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Re: Refining Optionals

From: Seaborne, Andy <andy.seaborne@hp.com>
Date: Tue, 05 Jul 2005 09:59:33 +0100
Message-ID: <42CA4BF5.1030903@hp.com>
To: Geoff Chappell <gchappell@intellidimension.com>
CC: "'RDF Data Access Working Group'" <public-rdf-dawg@w3.org>

Geoff Chappell wrote:
 >>-----Original Message-----
 >>From: Seaborne, Andy [mailto:andy.seaborne@hp.com]
 >>Sent: Friday, July 01, 2005 11:27 AM
 >>To: Geoff Chappell
 >>Cc: 'RDF Data Access Working Group'
 >>Subject: Re: Refining Optionals
 > [...]
 >>>>?x = unbound
 >>>>If ?x occurs in some Pi and BP.Pi has a solution, then a solution with
 >>>>unbound is not considered a solution of the group.
 > Hi Andy,

Hi Geoff,

 > I've been playing with this trying to find test cases that result in
 > different answers between this method and the one I've advocated in past
 > emails. I found I couldn't really do that because I don't understand yours
 > in enough detail. For example, the definition you've given above would seem
 > to say that for data:
 > 	:s0 :p1 :s0
 > 	:s1 :p1 :s1
 > 	:s1 :p2 :s1
 > and query:
 > 	optional{?a :p1 ?b} optional{?b :p2 ?c}
 > that:
 > 	?a=:s1, ?b=:s1, ?c=:s1
 > would be a result, but:
 > 	?a=:s0, ?b=:s0
 > would not be (since P2 has a solution for ?c, then there can't be a solution
 > with ?c unbound). But you don't mean that, do you? Surely a user would
 > expect to see the second result, wouldn't he/she? Or am I misunderstanding
 > what you're suggesting?

No - you're right.  I'd expect that answer.

 > The way I look at it, each optional has a positive and negative path through
 > it. So for a group of n optionals, you have 2^n possible paths (e.g. OPT(P1)
 > OPT(P2) has paths P1P2, P1!P2, !P1P2, !P1!P2). I think your rule above is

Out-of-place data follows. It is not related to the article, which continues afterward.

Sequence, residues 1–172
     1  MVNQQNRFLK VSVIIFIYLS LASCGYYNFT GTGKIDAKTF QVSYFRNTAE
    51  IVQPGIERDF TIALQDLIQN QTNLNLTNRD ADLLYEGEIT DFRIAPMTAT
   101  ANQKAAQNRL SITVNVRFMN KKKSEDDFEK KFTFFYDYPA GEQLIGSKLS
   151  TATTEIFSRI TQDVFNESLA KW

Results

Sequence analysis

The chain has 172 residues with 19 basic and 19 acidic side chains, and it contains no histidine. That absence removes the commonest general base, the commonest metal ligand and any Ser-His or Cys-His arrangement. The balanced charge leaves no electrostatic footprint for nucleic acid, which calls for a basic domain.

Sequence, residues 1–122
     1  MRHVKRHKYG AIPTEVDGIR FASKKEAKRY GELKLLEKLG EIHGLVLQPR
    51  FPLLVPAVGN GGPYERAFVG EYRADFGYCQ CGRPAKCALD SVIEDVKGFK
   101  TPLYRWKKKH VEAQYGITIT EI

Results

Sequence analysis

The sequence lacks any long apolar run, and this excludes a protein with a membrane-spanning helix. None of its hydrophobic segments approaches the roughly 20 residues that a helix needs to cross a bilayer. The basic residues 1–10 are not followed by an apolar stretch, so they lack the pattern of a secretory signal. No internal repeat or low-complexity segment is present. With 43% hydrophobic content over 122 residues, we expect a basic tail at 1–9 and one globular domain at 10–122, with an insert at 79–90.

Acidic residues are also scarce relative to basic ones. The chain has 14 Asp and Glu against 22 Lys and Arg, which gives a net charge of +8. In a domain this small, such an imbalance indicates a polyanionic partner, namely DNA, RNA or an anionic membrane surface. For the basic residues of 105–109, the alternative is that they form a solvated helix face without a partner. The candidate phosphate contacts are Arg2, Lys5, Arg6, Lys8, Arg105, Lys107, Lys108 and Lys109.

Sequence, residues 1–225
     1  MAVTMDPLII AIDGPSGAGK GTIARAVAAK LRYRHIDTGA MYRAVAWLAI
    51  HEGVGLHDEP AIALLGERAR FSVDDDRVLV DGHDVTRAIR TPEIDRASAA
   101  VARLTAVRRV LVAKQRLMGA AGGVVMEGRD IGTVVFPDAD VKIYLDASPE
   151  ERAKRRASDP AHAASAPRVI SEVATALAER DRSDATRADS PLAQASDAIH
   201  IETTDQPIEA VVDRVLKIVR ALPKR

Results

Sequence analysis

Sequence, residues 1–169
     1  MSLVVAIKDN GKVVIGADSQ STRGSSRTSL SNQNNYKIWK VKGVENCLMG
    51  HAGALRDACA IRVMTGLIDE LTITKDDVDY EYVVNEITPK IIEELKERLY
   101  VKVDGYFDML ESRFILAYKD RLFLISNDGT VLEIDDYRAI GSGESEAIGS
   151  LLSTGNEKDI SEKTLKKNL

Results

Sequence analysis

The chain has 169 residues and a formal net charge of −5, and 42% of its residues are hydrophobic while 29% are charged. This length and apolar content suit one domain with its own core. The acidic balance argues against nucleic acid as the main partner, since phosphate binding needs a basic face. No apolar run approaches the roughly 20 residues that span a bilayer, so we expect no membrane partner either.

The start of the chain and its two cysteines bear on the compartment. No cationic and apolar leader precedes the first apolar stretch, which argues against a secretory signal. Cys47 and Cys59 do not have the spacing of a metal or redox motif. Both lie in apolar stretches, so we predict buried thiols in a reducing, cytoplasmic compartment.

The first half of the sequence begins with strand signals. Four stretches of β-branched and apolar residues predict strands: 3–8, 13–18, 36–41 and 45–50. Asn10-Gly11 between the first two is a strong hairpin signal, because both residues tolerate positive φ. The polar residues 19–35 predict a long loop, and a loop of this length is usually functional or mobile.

> valid only for each possible path separately (not all at once).

I see that now - I had only unwrapped the DNF partially and your example shows 
it has to be done completely.

 > Of course that's just another way of saying what I've suggested before -
 > rewrite the query to an equivalent query in dnf and for each disjunct
 > determine the range of a variable by whether it's mentioned in a positive
 > basic pattern (if it's not mentioned positively, it's unbound). The only
 > difficulty I've run into with that approach is with FILTERs inside
 > optionals. When they are treated as first-class patterns (as they are
 > today), you run into problems when you have a negated FILTER and the vars in
 > the filter are not bound by a basic pattern (you end up with valid but often
 > unwanted results as I illustrated in my earlier email with the
 > optional-filter test case). You could solve that problem by requiring that a
 > filter is always paired with a basic pattern, but that might have even more
 > undesirable results.
 > Can you comment on why you don't think the dnf approach is suitable? It's
 > pretty much in line with the genral direction you're going.

I am taking that approach as I see it.  The main difference, aside from 
incompletely following it, is that I'm not using it to define the right answers 
but instead using it to limit the space of answers that don't add useful 
information for the application.

This way, FILTERs don't matter because they don't contribute positive bindings.

FILTERs could be made to attach to a graph pattern but that doesn't really 
chnage anything because that pattern could be group.  FILTERs could be attached 
to basic patterns but that would be a chnage in the possible answers (e.g. 
FILTER on a UNION where all branches define the variable tested).

 >  As far as I can
 > see, the only downside is that it highlights the oddity of being able to
 > express negation in the language without being able to do it explicitly.
 > Hope that makes some sense.
 > -Geoff

Yes - makes a lot of sense,

Received on Tuesday, 5 July 2005 09:03:07 UTC

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